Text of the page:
A story of a group of Austrian nobles living in Rome. Translated into English by Clara Bell.
as promised that my nephew should have the appointment," muttered the countess. "It is disgusting!"
"Utterly!" said Sempaly with a whimsical intonation. "A foreign element is always intrusive; we are much more comfortable among ourselves."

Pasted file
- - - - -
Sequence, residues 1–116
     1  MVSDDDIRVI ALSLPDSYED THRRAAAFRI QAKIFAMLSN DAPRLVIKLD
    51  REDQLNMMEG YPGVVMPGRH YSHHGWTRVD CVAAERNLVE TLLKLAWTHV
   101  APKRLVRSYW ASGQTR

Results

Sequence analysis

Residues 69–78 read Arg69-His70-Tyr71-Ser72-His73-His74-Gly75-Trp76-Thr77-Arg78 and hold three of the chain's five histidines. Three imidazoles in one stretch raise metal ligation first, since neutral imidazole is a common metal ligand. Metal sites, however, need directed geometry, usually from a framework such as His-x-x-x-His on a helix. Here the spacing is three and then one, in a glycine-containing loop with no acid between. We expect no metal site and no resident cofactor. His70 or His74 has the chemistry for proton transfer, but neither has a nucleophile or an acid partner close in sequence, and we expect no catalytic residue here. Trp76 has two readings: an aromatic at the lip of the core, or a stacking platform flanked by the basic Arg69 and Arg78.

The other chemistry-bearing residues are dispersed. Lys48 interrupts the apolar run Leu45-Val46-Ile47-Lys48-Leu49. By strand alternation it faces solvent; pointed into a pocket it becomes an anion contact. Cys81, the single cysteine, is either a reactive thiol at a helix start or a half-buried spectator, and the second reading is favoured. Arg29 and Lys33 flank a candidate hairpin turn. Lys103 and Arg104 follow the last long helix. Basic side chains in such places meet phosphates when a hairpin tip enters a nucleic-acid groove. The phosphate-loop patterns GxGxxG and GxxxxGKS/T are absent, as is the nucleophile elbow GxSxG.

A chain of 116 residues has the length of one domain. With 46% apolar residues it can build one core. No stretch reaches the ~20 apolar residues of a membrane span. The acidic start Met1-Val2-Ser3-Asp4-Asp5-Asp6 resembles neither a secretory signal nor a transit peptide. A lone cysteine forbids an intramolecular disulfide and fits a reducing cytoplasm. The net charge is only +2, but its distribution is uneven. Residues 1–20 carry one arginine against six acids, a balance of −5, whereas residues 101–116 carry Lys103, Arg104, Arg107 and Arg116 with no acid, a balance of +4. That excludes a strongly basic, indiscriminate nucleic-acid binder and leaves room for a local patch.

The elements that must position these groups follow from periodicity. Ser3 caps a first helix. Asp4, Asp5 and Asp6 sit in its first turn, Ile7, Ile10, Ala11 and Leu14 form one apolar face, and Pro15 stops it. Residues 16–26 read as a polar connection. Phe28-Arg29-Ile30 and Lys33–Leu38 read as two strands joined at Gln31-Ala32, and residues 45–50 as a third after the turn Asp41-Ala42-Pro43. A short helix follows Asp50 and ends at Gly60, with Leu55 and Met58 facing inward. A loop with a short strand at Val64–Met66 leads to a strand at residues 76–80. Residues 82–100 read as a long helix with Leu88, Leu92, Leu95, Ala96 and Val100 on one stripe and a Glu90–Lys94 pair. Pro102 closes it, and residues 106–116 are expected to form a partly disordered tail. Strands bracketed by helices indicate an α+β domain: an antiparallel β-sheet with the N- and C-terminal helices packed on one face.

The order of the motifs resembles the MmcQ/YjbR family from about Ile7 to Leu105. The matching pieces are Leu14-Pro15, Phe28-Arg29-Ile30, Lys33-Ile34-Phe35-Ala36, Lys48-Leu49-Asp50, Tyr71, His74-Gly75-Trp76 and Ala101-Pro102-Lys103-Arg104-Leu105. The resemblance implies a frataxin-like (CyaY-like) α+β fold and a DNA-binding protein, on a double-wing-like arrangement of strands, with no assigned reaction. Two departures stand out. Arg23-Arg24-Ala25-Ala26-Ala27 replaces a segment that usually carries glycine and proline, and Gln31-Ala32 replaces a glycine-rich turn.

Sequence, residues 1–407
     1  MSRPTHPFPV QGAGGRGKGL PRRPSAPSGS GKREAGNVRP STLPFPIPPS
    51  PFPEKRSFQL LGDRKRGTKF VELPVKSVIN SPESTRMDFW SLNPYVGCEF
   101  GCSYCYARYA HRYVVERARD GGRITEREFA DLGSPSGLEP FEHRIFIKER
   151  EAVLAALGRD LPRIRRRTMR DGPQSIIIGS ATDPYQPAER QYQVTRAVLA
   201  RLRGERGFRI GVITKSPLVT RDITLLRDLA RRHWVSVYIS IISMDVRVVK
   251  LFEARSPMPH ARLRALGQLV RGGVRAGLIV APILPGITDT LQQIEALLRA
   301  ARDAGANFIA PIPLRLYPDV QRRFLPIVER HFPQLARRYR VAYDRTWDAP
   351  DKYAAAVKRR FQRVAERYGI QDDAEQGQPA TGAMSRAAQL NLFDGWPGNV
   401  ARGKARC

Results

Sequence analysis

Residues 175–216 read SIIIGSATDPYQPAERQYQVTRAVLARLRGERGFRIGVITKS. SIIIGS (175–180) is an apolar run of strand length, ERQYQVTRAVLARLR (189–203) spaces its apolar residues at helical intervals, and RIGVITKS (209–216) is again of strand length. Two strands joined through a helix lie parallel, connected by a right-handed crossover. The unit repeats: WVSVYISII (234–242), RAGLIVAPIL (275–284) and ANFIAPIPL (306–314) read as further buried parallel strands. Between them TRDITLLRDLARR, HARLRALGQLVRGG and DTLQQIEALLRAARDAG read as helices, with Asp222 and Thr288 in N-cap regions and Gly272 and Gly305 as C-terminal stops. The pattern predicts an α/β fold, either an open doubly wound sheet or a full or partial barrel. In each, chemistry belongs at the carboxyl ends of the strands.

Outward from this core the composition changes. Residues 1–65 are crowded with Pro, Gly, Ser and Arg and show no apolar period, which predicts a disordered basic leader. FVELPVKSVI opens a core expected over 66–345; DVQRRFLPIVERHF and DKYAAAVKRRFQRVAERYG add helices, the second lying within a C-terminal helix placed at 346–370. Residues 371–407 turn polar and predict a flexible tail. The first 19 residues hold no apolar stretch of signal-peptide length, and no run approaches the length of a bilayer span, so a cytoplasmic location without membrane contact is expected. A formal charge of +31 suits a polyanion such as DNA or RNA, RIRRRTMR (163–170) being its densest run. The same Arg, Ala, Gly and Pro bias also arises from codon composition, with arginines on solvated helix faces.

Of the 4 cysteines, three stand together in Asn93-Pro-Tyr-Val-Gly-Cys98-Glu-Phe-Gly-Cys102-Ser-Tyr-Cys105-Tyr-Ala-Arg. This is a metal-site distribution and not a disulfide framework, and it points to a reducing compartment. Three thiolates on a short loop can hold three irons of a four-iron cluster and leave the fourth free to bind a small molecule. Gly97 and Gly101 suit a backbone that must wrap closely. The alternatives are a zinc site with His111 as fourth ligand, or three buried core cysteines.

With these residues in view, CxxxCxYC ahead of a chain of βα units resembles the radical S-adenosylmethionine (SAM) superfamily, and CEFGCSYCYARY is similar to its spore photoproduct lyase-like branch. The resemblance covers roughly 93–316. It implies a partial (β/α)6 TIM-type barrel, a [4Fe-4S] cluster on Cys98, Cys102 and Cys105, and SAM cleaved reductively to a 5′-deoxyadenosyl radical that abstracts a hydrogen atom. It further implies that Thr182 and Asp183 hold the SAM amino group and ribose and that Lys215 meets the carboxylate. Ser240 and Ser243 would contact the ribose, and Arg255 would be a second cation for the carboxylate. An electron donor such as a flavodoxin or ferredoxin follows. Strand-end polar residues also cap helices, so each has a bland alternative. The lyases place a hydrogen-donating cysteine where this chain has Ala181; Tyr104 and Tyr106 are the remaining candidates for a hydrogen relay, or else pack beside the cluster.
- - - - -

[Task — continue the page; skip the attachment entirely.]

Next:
Sempaly was not merely affecting the democrat to annoy his cousin the countess; he firmly believed himself to be a liberal because he laughed at conservatism, and regarded the nobility as a time-honored structure--a relic of the past, like the pyramids, only not quite so perdurable. But in spite of his theoretical respect for the rights of man and his satirical contempt for the claims of privilege, Sempaly was really less tolerant than his cousin of "the dark ages." Ilsenbergh, with all his feudal crotchets, was an aristocrat only from a sense of fitness while Sempaly was an ari
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